Michael Alcázar: ‘Mexican cartels are out of control’ and spring breakers should stay away

Puerto Vallarta (PVDN) – Mexico’s drug cartels are out of control and students shouldn’t travel to the country for spring break, warns Michael Alcázar.

At a time when thousands of American university students, the so-called spring breakers, travel to Mexico, mainly to the beaches, Michael Alcázar, a former New York Police Department detective, warned, in statements to The New York Post, that “right now, It seems like the most dangerous time [in history] to travel to Mexico.”

“The Mexican government has no control over what is happening with the cartels. The cartels seem to be running wild,” he added. The statements come after the kidnapping of four Americans in Matamoroso, Tamaulipas, two of whom were killed at the hands of the Gulf Cartel. Another American was reported missing in Colima. And three more American women went missing in Mexico while attending a market.

Alcazar, who worked for the NYPD for more than three decades, said, “It’s not worth getting hurt, killed, or kidnapped for a couple [of] weeks of vacation from college.”

His warning is added to the one that Texas authorities issued in recent days to spring breakers to avoid traveling to Mexico. Texas Department of Public Safety Director Steven McCraw said drug cartel violence “represents a significant security threat” to anyone entering Mexico.

Although President Andrés Manuel López Obrador affirms that Mexico is “more secure” than the United States, Alcázar affirmed that “of course, Obrador is going to say that Mexico is safe. He does not want to discourage travel. He also doesn’t want it to look like he has lost control of his country.” However, he warned that the reality is different and the cartels are “out of control.”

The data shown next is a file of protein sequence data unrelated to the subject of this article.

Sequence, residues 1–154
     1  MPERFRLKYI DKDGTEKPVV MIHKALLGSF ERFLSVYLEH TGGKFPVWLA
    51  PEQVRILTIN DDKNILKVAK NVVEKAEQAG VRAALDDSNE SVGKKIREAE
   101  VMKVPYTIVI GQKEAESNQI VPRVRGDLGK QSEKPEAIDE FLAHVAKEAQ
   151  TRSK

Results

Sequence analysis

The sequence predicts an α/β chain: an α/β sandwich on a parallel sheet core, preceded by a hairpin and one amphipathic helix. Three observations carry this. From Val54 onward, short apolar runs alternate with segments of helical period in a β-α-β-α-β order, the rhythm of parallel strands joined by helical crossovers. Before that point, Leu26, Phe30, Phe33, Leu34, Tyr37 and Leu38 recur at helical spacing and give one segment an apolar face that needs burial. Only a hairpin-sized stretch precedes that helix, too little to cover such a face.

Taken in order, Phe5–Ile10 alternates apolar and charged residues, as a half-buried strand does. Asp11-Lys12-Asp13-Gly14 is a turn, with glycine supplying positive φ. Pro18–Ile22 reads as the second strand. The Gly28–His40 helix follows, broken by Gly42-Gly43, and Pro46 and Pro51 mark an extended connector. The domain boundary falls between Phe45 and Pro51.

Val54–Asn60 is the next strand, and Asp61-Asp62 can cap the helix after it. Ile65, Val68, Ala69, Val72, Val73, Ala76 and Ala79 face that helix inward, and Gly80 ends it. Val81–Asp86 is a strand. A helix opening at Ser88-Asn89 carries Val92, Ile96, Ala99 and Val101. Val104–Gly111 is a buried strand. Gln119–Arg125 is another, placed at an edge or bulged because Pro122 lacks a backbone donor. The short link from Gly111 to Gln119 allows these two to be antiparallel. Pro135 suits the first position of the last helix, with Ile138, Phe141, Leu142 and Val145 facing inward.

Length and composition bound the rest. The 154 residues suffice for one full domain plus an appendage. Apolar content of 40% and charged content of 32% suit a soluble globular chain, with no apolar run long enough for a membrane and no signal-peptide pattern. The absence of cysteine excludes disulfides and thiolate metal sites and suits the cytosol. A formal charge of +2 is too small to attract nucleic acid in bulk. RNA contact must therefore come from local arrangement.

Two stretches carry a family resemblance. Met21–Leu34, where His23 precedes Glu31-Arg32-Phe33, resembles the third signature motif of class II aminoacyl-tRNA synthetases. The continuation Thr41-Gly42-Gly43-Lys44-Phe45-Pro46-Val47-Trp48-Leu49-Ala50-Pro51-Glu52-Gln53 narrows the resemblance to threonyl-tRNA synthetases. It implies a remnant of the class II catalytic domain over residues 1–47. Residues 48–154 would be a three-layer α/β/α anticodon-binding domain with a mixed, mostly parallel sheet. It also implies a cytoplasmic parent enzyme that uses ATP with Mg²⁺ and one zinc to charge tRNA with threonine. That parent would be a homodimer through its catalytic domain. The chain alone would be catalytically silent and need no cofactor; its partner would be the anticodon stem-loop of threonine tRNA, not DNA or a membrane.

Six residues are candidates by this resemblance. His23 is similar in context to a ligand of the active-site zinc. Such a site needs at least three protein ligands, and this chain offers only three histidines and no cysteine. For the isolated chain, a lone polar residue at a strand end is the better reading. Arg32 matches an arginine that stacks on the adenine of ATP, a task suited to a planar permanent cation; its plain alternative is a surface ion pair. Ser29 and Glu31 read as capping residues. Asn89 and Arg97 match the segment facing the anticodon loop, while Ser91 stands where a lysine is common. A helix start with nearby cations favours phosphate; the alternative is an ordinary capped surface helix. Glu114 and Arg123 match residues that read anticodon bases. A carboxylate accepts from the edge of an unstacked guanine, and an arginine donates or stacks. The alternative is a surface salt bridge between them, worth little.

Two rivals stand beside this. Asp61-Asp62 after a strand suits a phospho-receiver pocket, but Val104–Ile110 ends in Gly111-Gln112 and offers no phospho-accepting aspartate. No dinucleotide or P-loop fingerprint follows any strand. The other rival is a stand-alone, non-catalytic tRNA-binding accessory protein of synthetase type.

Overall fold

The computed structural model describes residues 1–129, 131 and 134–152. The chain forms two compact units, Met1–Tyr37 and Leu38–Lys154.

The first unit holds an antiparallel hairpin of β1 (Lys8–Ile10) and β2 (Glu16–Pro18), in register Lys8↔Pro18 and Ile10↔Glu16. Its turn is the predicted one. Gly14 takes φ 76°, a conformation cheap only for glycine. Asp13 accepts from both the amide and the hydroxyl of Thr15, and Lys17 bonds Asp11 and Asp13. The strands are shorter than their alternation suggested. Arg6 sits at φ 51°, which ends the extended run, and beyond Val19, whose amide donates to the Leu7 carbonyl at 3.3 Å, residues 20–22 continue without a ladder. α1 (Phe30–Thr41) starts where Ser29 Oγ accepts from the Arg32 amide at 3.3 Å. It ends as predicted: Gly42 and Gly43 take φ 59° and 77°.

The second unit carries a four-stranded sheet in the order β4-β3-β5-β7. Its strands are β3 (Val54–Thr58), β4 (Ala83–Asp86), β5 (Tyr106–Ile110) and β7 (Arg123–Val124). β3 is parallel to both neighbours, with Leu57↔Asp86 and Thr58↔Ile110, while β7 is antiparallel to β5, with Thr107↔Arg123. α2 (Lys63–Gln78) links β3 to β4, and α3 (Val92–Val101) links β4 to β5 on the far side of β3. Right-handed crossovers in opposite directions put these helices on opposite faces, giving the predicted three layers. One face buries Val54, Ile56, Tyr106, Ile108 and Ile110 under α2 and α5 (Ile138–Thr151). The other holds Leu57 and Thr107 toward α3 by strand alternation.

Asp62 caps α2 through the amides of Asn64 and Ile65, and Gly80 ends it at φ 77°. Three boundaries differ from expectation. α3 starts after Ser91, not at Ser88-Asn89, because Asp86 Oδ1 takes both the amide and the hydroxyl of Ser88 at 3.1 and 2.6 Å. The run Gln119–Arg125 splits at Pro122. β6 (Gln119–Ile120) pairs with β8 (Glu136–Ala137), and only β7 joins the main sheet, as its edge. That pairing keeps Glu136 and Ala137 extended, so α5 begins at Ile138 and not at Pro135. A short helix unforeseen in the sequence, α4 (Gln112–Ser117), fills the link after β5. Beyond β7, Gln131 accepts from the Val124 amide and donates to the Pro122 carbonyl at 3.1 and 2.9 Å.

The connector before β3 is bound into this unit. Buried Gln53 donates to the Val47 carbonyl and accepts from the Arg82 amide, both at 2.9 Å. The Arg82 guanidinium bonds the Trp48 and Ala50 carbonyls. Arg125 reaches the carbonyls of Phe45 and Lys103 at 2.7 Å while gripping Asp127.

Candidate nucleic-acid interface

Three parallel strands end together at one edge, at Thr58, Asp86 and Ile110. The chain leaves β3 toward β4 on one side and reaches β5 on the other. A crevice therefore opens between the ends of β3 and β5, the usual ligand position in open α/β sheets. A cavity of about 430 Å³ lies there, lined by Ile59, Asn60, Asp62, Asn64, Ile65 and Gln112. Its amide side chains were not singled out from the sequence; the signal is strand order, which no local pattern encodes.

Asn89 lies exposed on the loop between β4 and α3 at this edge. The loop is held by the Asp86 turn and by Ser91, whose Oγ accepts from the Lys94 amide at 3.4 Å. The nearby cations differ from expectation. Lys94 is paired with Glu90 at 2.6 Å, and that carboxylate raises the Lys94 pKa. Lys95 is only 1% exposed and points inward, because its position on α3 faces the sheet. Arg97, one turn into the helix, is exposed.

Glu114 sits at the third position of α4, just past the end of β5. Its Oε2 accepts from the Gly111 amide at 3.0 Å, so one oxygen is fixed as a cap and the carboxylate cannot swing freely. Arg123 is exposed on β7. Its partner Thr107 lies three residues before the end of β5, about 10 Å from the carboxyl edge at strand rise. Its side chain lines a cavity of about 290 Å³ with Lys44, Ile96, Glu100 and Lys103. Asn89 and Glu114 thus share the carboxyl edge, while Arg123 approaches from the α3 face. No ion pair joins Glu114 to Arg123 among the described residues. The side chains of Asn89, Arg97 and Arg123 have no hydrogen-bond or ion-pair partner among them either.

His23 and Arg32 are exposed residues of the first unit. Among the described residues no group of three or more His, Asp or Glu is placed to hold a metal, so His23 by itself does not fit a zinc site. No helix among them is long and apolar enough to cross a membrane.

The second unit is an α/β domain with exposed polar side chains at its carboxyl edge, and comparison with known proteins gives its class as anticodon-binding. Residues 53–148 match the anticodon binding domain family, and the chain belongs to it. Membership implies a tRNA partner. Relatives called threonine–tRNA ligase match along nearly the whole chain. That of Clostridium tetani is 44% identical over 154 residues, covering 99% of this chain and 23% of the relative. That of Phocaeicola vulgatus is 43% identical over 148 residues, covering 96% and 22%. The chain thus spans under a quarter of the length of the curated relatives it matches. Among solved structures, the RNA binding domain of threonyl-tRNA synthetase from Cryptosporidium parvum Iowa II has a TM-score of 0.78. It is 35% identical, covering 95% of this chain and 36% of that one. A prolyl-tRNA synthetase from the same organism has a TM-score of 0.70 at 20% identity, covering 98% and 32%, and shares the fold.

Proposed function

He considered that cartel members want innocent Americans to fear the organizations. “The cartels are very violent and more open. They are very violent and they want their violence to be feared.”

For those Americans who have already booked trips to Mexico, Alcázar asked them to reconsider and find a way to get a refund. If that’s not possible, he gave some advice to Americans in Mexico to stay safe. “ They must be very cautious. They should travel in a group, either with family or friends.”

Another recommendation is that they do not show the cash they carry when leaving their hotels. “The cartels look for people who have money. They are hunting, that is what they do, ”he explained. “Americans are a commodity for the cartels to make money.”

The US State Department has six states on its list of places Americans should not travel to because of the risk of crime and kidnapping: Colima, Guerrero, Michoacán, Sinaloa, Tamaulipas and Zacatecas. But according to Alcázar, the travel warnings have come late. “It definitely looks like [the warnings] were more reactive than proactive.”

Should you be worried about violence in Mexico?

The truth is, more than 30 million Americans travel to Mexico each year, and last year, 60 Americans in Mexico on vacation were killed. That’s 2.1 of 100,000 Americans who visit Mexico were killed. The US average is 4.8 per 100,000 citizens, meaning the chances of an American being killed are cut in half by vacationing in Mexico. These are statistics not given with travel warnings.

It is important to keep in mind that crime rates and safety conditions can vary greatly depending on the location within Mexico. Most Americans who go missing or are killed in Mexico are along the border, which are not typical vacation destinations.

Mexico is a large and diverse country with many safe and popular tourist destinations, such as places that attract spring breakers. However, some areas have been affected by drug-related violence and other crimes, which can pose a risk to travelers. It is important to do your research and exercise caution when traveling to any unfamiliar destination.

To ensure your safety, you may want to consider taking the following precautions:

  1. Research the destination thoroughly before you go, including crime rates and potential safety concerns.
  2. Stay aware of your surroundings and avoid any areas that are known to be unsafe.
  3. Use trusted transportation services and avoid traveling alone, especially at night.
  4. Keep a low profile and avoid showing off expensive items or carrying large amounts of cash.
  5. Follow local laws and customs, and be respectful of the local culture.
  6. Stay in touch with family and friends and let them know your itinerary and when to expect you back.

Overall, while there is no guarantee of complete safety while traveling, taking these precautions can help reduce the risk of harm and ensure a more enjoyable and stress-free vacation.

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